Entertainment

Latinx Hispanic representation in pop culture

by Smriti Vijay (’25) and Katherine Winton (’25) | October 7, 2022

Art by Sophia Tran (’24)

From September 15 to October 15, the United States celebrates Latinx Hispanic Heritage Month, an annual commemoration of the contributions of Latinx Hispanic Americans to the history of the United States. Throughout the month, the country observes culture from Spain, Mexico, the Caribbean, Central America, and South America.

These important contributions include various forms of media, such as television shows, movies, novels, and music. It is crucial to consume these diverse forms of content to educate ourselves on other communities and support Latinx Hispanic creators. An inclusive and representative piece of media can help people understand the lives of others of different races, ethnicities, sexual orientations, and more. Diverse pieces of media can also serve as a mirror for people of marginalized groups, giving them the opportunity to see themselves in recent and age-targeted literature and feel included. For Latinx Hispanic Heritage Month, we gathered multiple recommendations and explored what makes Latinx Hispanic media so influential in our lives. 

Some novels and movies treat characters’ Latinx Hispanic identity as the centerpiece of the story, displaying different parts of the culture. This may mean examining cultural expectations, the lives of people in these cultures, or those struggling to fit in while being part of a minority culture. I Am Not Your Perfect Mexican Daughter, a young adult novel by Erika Sánchez, emphasizes the characters’ Mexican identities and the expectations they face, while still being entertaining through suspense. The movie Real Women Have Curves also falls under this category, portraying the process of growing into adulthood while focusing on overcoming traditional insecurities, gender stereotypes, and more.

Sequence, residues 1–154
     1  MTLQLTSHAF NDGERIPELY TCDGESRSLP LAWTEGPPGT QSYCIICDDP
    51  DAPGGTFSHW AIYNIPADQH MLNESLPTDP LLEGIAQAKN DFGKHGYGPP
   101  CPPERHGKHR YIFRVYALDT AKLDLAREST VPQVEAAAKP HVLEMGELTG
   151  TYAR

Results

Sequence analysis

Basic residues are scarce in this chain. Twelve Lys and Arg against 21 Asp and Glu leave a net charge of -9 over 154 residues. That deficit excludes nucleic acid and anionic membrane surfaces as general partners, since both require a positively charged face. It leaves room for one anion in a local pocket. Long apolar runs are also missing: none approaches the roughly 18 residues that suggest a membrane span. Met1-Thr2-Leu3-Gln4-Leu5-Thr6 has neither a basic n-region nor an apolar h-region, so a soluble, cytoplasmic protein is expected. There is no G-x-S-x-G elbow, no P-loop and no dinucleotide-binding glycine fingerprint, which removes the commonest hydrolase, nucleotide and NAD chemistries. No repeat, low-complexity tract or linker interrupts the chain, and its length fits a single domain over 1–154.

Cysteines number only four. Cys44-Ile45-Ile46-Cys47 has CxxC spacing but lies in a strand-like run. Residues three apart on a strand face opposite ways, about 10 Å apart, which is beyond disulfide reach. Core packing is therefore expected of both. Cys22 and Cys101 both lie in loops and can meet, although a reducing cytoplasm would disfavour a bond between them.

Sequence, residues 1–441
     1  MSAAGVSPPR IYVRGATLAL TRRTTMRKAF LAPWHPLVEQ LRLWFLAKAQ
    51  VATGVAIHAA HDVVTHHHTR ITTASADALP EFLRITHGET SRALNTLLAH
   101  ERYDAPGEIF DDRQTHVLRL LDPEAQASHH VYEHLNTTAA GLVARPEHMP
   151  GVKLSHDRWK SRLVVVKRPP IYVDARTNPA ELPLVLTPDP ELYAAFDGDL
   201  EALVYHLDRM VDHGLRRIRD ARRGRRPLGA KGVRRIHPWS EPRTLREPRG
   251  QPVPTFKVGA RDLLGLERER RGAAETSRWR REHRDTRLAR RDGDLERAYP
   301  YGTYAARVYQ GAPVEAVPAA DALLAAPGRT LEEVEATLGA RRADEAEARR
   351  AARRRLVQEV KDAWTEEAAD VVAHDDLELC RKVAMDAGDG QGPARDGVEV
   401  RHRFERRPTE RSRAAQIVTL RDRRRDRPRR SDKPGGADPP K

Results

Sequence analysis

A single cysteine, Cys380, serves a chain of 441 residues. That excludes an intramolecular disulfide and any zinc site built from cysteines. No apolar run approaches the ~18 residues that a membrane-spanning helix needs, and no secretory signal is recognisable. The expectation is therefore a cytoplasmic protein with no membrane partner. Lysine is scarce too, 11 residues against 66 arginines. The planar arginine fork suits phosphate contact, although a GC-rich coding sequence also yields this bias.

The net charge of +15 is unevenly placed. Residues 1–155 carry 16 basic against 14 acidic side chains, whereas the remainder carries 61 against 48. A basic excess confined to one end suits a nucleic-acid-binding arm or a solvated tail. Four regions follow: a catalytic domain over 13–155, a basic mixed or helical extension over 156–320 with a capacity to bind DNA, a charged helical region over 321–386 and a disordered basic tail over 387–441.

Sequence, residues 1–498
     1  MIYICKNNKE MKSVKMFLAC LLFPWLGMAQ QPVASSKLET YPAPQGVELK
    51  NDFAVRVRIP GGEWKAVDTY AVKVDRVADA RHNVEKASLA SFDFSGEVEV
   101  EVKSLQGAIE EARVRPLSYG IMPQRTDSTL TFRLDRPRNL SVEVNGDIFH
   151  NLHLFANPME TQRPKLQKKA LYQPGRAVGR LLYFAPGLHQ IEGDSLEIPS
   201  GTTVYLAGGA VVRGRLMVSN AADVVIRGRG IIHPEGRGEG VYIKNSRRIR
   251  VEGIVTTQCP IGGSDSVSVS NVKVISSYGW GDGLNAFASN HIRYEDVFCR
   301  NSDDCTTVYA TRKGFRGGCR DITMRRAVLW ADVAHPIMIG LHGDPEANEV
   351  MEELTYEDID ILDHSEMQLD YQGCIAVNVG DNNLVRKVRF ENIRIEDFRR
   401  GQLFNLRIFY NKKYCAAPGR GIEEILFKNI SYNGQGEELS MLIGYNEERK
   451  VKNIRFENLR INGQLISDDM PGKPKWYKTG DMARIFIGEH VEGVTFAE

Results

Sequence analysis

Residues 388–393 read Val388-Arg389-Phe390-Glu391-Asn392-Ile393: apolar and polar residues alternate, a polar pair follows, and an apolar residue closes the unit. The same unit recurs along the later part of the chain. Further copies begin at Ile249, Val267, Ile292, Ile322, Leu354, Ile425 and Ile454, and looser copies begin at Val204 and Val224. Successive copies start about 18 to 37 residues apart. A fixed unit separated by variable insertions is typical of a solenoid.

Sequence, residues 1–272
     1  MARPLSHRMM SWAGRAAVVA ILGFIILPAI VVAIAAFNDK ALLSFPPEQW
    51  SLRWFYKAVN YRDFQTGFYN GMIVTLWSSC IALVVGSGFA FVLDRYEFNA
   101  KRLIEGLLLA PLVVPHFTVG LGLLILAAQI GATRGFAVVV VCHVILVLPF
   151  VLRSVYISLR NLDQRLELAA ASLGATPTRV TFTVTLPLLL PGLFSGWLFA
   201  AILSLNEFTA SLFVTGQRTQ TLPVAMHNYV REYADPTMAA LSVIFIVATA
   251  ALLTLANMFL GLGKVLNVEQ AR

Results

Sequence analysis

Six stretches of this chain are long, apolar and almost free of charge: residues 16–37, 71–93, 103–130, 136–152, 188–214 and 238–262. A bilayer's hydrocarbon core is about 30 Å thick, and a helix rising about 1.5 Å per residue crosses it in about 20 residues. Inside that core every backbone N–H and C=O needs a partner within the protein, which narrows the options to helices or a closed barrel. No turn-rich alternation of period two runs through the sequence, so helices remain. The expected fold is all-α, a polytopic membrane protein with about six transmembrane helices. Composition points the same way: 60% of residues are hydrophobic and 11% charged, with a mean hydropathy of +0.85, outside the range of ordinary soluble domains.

Other forms of media focus on different aspects of identity as viewed through the lens of a Latinx Hispanic character. This allows for a deeper representation of and view into the ways in which Latinx Hispanic communities live their daily lives. For example, The Poet X, a novel in verse by Elizabeth Acevedo, centers more on the main character’s struggle with finding her identity as a female poet. Clap When You Land, another novel by the same author, focuses not only on the socioeconomic aspects and culture of the neighborhood the book is set in but also on self-discovery after a severe loss.

From musicians like Shakira and Marc Anthony to authors like Pablo Neruda and Sandra Cisneros to filmmakers like Alfonso Cuarón and Celina Murga, Latinx Hispanic creators have a significant impact on our modern society. Similar to the novels and movies mentioned earlier, these popular artists increase the presence of Latinx Hispanic works in the entertainment industry, allowing for better education on and representation of Latinx Hispanic culture. Still, it is crucial to further diversify media to increase representation for minority groups and their various cultures.

Categories: Entertainment

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